If you drink it first thing, you may not be reaping all the benefits.
Prepare for a shock: Your caffeine routine may not be doing you as much good as you think. (Photo: Noppharat4569/Shutterstock)
The U.S. Army has developed an algorithm that determines how much coffee a person should drink — and when you should drink it — for optimal benefits. But since they’re keeping that top-secret information close to the chest for now, we thought it made sense to take a more transparent and scientific approach to the question.
On a normal weekday morning, you probably wake up just a little bit tired. What do you do? You drink coffee in the morning to get more alert. But not so fast. Just because you've always done something a certain way, doesn't mean it's the right way. That's why we have the scientific method!
Circadian rhythm is a factor
The best time to drink coffee is when your brain can use the caffeine most efficiently, and that's not first thing in the morning. In fact, drinking coffee at that time undermines its effectiveness, and your body builds up a tolerance more quickly. That's because our natural alertness is caused by the fluctuations in our hormones throughout the day, and the morning is when they are already naturally higher.
As the video above explains, cortisol is one of the key hormones in our circadian clocks, our sleep-awake cycle, which naturally cycles throughout the day. Generally, there's more cortisol cycling around in the morning to help you wake you up, and it slacks off at night, to help you feel tired and want to sleep. The problem arises when you regularly use caffeine in the morning, which interferes with the body's production of cortisol. You end up producing less cortisol just when you need it the most.
So you're taking in the caffeine when it's least effective, which dampens its effects. Even worse, over time, the body comes to rely on the caffeine boost (rather than letting the cortisol do its job), which is why you develop a caffeine dependence.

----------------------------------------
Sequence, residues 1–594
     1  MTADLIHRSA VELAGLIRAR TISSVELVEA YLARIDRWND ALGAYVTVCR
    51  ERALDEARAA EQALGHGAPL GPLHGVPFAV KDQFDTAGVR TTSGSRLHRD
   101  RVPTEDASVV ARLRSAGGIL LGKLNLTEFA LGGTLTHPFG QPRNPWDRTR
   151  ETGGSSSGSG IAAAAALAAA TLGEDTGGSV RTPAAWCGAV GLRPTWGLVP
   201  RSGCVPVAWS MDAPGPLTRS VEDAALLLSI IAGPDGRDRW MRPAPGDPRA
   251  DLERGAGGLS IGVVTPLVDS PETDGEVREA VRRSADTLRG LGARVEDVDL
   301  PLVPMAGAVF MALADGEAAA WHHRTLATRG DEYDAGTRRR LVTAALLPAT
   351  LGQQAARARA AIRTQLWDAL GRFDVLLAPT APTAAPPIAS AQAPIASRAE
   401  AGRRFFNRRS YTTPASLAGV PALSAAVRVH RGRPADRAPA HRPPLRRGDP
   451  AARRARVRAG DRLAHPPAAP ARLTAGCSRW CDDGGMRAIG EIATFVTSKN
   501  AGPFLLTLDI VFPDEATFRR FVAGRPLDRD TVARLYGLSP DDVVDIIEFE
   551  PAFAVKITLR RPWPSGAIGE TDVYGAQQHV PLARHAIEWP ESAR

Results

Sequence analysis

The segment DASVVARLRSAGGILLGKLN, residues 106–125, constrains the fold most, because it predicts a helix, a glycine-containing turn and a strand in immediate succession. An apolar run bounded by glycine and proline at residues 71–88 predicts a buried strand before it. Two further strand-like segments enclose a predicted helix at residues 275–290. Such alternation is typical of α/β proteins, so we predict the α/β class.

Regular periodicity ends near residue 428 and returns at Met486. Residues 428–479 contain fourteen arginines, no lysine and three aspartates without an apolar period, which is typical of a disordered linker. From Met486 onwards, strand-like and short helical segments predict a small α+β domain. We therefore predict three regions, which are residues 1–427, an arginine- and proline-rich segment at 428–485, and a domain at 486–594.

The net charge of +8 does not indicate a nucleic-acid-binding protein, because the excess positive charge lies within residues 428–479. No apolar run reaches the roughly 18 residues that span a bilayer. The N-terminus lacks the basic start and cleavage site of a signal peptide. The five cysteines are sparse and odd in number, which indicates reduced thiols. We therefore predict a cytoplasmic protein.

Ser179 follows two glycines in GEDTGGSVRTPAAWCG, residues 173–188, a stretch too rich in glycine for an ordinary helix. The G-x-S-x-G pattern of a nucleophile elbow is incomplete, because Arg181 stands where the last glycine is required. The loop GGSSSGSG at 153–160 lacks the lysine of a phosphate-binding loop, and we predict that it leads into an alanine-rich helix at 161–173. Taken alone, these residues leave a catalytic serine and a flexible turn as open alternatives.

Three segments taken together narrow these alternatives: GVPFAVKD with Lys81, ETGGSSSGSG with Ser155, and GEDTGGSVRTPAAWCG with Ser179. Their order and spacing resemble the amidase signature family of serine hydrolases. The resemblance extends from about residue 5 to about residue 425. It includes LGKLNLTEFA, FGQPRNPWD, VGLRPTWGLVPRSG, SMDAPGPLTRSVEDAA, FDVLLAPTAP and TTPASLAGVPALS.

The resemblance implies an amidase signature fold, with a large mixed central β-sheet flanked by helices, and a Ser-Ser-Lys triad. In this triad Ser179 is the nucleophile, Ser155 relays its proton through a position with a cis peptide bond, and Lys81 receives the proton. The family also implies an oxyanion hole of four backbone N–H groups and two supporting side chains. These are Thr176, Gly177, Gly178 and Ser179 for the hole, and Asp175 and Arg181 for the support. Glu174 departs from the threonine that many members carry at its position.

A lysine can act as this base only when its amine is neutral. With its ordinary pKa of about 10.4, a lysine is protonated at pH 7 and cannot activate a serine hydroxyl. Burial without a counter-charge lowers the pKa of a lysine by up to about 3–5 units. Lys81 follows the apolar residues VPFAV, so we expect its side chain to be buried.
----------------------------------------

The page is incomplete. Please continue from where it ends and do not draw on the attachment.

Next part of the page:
And if you're thinking that you've been drinking coffee for years and "can't wake up without it" that's because your natural cortisol cycle has been disrupted, not because you wouldn't normally be alert at that time. Of course, this is all assuming you're getting a reasonable amount of sleep. You have effectively trained your body to expect a caffeine jolt at the start of the day and now your body is used to it. Over time, you may find that you need more and more coffee for the same effect.
Later in the day is better
A graph of cortisol variation throughout the day. Cortisol helps you wake up in the morning, and it is at its peak then. It bottoms about 10 a.m. or noon, making that time the best time for a coffee break. (Photo: Journal of Clinical Endrocrinology and Metabolism)
For most people, the worst time to drink coffee is between 6 a.m. and 10 a.m., though circadian rhythms vary by person depending on their sleeping patterns. So when is the best time?
As Roberto Ferdman at the Washington Post writes, "It's during the troughs above — between roughly 10 a.m. and noon, and 2 p.m. and 5 p.m. — when people should drink coffee if they want to get the most out of their caffeine. Between those hours, the coffee is actually most needed, and, perhaps most importantly, will not interfere with our body's own essential mechanism for keeping us alert."
So if you want to use coffee to best effect, and with a lower likelihood of dependence, drink your coffee in the early afternoon — unless, of course, you find that it interrupts your sleep cycle at night. If you want to get your body back on a more natural cortisol schedule, you can try slowly moving the timing of your first cup over the course of a week or two. That way you don't have to go through an uncomfortable withdrawal headache.
From my own one-person data set, I can back up these findings. On most days I drink green tea in the morning, around 10 a.m. after about an hour of work, and then enjoy a coffee or black tea at around 3 p.m. I've been doing this for about three years and haven't needed more coffee or tea year-over-year to enjoy the same effects, and I also don't have trouble waking up in the morning.
Editor's note: This article has been updated since it was originally published in June 2015.
Starre Vartan ( @ecochickie ) covers conscious consumption, health and science as she travels the world exploring new cultures and ideas.
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